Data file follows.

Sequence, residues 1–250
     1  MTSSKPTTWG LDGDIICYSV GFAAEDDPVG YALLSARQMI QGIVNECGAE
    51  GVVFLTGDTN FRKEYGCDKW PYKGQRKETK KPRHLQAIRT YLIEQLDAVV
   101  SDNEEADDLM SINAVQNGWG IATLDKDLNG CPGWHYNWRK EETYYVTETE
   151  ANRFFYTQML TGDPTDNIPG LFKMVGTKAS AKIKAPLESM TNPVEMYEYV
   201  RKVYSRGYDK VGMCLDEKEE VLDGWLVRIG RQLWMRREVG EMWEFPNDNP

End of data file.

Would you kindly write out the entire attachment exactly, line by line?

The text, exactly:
Sequence, residues 1–250
     1  MTSSKPTTWG LDGDIICYSV GFAAEDDPVG YALLSARQMI QGIVNECGAE
    51  GVVFLTGDTN FRKEYGCDKW PYKGQRKETK KPRHLQAIRT YLIEQLDAVV
   101  SDNEEADDLM SINAVQNGWG IATLDKDLNG CPGWHYNWRK EETYYVTETE
   151  ANRFFYTQML TGDPTDNIPG LFKMVGTKAS AKIKAPLESM TNPVEMYEYV
   201  RKVYSRGYDK VGMCLDEKEE VLDGWLVRIG RQLWMRREVG EMWEFPNDNP